[Pg. Break] We were all deeply deeply griev­ed for the  sit­u­a­tion of our kind friend Mr. John Kerr.  Robert’s let­ter to  our house yes­ter­day announced the hope­less­ness of his dis­ease —  how unex­pect­ed to his fam­i­ly this must be — what a change a few  months has pro­duced.  the hus­band has tak­en the dying wife’s  place + she is restored to health, at least your write as if she  were again in good health.  He is hap­py + resigned, that is the  only com­fort left his friends — his death you + Robert will  sin­cere­ly lament I know + all that knew him well will mourn for  him, for he was a good man.  How much I will miss him when I go  to St. Louis, for I knew him longer & liked him bet­ter than any  one else there except our own.

Christ­mas is almost upon us, + I have done noth­ing for it  except make some mince meat.  I will give very few presents for  my mon­ey always runs short a the close of the year + I do not  expect any for myself — all our gift-givers are mar­ried + away.   Your hus­band was more famous in this like than any one else +  most of our presents went with him.   We have Thanks­giv­ing  tomor­row — every­body must go to Church.  They are try­ing to make  it a strict­ly reli­gious fes­ti­val, not a nice mer­ry-mak­ing time as in good New England.

We were all at Tom Smith’s wed­ding last week — he mar­ried  Miss Leiper — we took Archie + John Miller in the car­riage with  us, their wives were not able to go.  Mrs. Archie’s infant too  young + Matil­da suf­fer­ing from severe cold.  We went to John  Leiper’s, then dressed + drove over a mile to the brides father’s where 150 friends were assem­bled.  We had a very pleas­ant time,  plen­ty of eat­ing & drink­ing — no danc­ing.  The bride is a very  sweet love­ly girl — Tom is most for­tu­nate in

[Pg. Break] get­ting such a wife.  Eliz­a­beth Laps­by was also  mar­ried to a Mr. Will­son — she had a very gay wed­ding I am told + has had a great many par­ties giv­en to her.  It is like tak­ing  Meg’s head off to get her to go any of them — I’ll give her up as a bad job.

As to news, I fear I have not a word.  Mr. & Mrs. McConley  are com­ing on to spend Christ­mas — she is fol­low­ing your exam­ple  for lit­tle Sophy Mouyes [?] is now very sick with inter­mit­ting  fever.  I trust the dear lit­tle crea­ture will be well soon.  Mrs.  Zuck­er has been very sick for a week past with severe cold —  every body has the influen­za.  Matil­da Miller looks very bad­ly +  always com­plains,  I think if she had a child she would be well  enough, but there is no prospect yet.  Mrs. Bak­er is bet­ter + is  able to come round + spend evenings with us again.  Har­ri­et  Oak­man is as strong + well as any one.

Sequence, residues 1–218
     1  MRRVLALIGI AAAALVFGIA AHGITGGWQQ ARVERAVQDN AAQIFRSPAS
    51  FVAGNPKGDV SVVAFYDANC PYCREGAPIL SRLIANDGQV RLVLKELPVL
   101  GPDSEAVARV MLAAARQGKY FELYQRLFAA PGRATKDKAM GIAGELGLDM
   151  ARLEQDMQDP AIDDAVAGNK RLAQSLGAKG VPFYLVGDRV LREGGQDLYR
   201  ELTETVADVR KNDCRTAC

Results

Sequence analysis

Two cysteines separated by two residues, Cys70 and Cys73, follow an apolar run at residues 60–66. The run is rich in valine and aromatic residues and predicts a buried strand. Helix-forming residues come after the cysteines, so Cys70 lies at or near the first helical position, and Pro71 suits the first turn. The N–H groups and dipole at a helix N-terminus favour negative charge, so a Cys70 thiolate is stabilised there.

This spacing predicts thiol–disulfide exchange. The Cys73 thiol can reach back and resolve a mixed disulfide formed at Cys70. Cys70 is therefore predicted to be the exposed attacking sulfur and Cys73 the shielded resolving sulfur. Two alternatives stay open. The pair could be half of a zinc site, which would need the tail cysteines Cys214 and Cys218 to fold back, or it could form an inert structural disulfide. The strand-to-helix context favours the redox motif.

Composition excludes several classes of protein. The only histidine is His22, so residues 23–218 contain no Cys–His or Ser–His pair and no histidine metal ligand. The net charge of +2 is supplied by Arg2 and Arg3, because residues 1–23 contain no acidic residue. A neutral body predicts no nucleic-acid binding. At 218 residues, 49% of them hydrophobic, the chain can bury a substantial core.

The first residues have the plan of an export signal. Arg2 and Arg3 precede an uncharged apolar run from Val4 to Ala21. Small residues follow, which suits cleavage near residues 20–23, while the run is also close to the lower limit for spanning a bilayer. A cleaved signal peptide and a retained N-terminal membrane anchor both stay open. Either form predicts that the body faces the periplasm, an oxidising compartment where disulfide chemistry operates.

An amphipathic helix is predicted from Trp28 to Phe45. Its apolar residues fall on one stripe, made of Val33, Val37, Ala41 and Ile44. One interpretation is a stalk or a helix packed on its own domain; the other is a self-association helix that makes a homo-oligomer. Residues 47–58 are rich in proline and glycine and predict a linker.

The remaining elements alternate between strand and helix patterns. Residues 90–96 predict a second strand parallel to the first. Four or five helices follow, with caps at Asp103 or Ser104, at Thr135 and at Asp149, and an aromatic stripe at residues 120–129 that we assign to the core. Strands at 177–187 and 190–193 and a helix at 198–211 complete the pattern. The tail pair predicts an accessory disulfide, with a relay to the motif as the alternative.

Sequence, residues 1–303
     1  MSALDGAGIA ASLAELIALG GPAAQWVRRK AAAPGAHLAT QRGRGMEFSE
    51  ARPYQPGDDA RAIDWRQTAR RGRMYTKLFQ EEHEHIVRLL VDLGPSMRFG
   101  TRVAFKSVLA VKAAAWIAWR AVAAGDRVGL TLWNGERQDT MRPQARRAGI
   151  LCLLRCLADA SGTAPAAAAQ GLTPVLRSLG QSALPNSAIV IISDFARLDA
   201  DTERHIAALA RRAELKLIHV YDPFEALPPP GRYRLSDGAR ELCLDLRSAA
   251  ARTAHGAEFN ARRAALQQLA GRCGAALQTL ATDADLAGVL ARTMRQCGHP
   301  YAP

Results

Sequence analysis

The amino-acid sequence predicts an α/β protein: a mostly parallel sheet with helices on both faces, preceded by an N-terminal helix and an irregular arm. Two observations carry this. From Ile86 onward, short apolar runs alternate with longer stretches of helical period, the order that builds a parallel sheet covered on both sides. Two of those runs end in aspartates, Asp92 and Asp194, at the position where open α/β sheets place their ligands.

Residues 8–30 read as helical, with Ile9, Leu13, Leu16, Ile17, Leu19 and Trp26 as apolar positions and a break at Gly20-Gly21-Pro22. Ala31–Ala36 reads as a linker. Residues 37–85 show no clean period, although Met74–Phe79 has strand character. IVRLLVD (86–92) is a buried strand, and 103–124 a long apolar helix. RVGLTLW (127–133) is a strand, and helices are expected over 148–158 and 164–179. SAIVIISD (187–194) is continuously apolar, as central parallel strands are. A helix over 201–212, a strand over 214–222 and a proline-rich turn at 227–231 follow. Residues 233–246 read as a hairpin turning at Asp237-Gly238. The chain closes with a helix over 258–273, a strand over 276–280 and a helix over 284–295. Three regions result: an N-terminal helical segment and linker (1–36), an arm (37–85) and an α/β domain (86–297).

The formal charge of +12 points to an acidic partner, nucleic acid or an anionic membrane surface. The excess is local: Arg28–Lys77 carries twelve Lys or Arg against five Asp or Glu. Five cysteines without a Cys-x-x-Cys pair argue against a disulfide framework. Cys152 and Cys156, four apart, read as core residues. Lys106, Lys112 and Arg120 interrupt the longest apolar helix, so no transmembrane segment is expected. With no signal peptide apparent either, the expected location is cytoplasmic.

I have not writ­ten your moth­er for a long time, but will  soon.  i have heard from all my own fam­i­ly recent­ly.  Mr. Clark  says the kind­est things of you & your chil­dren.  Tell Robert we  have all been quite amused at the Irish gen­tle­man that has been  flour­ish­ing in all our papers.  Mr. Tagert thinks he will hard­ly  speak to us ow he has become so dis­tin­guished a per­son­age + so  Sir William Stew­art has become Earl of Losh [?] will he receive  an acces­sion of for­tune with the title.

Lit­tle Robert Camp­bell is com­ing to spend the day with us,  he has been very del­i­cate + I almost fear will soon fol­low  Cal­len­der.  I have to take him to a fair to buy some things + I  must make one as two vis­its.  The Millers, Oak­mans & all drink  tea with me to night.  I wish you + yours could be with us at  Christ­mas.  You have at least our best wish­es for hap­pi­ness +  many returns.

[Pg. Break — 3rd page margins]
Give my kind­est love to that Irish gen­tle­man.  A thou­sand  kiss­es to Jem + the baby  + regards to all friends, par­tic­u­lar­ly  the Kerrs.  Meg of course sends oceans of love to all — she will  write you soon.  Your cousin as ever
Mary Campbell.